Cut thicker slices than you need if the sausage round is not quite big enough for your patty pan. I use medium sized muffin tins.Gently roll in one direction turning each time to flatten out to the desired size for your individual tins.
#4 rule: Only roll in one direction. Roll from the bottom to the top, then turn the dough a quarter turn and roll again from bottom to the top. shape the edges of the dough with your hands to get the shape you want if putting into a large flan dish.
Mould the pastry into the base of the patty pans and place in the fridge to rest for 30 minutes.
#5 rule: Give the dough a rest. It’s important to rest the dough as this will stop shrinkage once it gets into the oven.
Now the next stage I did a little bit of experimenting. Do I blindbake or not? The rule of thumb is it’s best to blind bake if the fruit takes a shorter time to be ready than the pastry. If your filling will take around 40 minutes there is no need to blind bake.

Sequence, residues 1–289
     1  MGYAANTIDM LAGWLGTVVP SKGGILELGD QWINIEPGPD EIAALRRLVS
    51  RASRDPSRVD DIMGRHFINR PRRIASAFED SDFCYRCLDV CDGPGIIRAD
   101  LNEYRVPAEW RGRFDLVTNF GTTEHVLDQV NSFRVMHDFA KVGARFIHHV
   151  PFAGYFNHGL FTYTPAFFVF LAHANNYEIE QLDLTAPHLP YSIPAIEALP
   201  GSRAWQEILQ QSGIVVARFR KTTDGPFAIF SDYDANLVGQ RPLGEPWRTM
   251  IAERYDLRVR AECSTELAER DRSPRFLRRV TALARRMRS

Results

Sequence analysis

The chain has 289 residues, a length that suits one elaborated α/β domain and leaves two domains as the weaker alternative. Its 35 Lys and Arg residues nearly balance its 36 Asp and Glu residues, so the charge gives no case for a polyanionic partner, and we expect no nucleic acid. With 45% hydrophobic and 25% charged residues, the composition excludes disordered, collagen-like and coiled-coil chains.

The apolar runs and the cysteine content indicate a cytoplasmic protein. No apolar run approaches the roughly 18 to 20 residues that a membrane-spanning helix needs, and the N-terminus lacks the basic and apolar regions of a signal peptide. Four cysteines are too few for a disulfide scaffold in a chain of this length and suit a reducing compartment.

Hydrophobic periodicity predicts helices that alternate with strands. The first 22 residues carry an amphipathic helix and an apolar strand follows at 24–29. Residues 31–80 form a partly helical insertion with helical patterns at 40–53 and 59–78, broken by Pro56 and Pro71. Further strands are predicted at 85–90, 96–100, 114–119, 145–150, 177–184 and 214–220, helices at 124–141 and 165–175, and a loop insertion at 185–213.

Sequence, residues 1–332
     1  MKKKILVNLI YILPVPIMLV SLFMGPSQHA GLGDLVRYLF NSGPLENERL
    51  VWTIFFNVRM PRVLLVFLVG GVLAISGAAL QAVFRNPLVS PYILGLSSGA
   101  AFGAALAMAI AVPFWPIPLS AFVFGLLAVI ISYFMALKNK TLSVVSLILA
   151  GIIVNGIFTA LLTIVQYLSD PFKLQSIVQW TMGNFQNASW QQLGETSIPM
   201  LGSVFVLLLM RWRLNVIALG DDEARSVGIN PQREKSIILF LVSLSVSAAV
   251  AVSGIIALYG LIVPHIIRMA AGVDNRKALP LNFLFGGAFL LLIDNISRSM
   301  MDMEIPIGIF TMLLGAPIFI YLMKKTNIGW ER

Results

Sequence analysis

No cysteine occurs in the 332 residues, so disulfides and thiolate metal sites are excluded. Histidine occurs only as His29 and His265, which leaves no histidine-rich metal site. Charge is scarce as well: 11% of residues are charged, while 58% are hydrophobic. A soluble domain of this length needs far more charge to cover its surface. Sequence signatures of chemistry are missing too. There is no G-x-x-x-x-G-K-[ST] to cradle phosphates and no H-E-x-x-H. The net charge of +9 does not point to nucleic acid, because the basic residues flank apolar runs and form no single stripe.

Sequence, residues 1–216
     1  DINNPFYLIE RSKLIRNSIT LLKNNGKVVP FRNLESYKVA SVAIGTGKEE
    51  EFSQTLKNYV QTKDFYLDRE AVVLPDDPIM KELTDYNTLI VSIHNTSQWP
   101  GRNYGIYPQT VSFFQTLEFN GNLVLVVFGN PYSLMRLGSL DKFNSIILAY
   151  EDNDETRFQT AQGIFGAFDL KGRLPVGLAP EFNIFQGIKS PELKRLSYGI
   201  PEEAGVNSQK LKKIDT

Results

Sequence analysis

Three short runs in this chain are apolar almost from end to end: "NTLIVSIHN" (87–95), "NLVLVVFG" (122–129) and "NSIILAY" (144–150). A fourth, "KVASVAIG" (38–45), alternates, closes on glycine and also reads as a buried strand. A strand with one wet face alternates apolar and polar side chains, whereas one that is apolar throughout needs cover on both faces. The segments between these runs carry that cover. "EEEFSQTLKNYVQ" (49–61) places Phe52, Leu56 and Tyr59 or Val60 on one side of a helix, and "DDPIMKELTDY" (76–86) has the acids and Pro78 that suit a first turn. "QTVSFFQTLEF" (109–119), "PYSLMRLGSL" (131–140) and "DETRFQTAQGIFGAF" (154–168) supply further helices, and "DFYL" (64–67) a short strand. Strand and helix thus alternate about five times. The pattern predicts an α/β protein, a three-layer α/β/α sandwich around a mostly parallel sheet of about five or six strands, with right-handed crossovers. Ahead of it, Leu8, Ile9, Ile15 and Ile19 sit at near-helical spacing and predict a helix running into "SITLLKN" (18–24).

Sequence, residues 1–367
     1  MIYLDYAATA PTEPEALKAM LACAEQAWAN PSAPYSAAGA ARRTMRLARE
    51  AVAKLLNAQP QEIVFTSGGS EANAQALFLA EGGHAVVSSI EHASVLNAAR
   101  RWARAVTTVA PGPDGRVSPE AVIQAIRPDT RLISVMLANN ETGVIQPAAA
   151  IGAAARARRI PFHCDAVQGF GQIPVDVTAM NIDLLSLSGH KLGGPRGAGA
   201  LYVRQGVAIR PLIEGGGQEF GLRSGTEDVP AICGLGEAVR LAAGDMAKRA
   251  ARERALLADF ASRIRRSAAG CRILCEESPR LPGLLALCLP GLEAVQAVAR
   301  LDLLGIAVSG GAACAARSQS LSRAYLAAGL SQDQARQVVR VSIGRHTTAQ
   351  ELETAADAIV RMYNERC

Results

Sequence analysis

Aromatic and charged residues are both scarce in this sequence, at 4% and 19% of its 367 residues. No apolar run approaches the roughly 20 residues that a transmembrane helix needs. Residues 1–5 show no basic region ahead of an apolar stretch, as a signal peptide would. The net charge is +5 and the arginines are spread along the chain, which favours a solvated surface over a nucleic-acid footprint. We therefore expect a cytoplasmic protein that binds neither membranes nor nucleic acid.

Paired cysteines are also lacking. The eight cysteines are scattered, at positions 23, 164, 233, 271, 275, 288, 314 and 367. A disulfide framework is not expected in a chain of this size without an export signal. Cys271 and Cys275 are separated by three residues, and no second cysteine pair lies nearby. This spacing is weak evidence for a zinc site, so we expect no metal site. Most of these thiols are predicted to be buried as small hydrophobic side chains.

Gus makes hundreds of these little pies for the Wanaka Vintage Fair each summer and he doesn’t blind bake.
I have experimented cooking the tarts both blind bake and not and I’m not sure the extra work of blind baking the individual tartlets was worth it. I definitely would blind bake for one large flan. On the taste tests, the tarts that weren’t blind baked were softer and my grandson Beau preferred the blind baked ones. Either way works because the stars of the show are the apricots.
With all the information I’ve given, you probably think I’m a pastry expert. I have always made my own shortcrust but I have to admit it was only when I heard Radio NZ “This Way Up” with Julie Clarke of Floriditas in Wellington, that I realised following these few rules will guarantee the result I will get each time.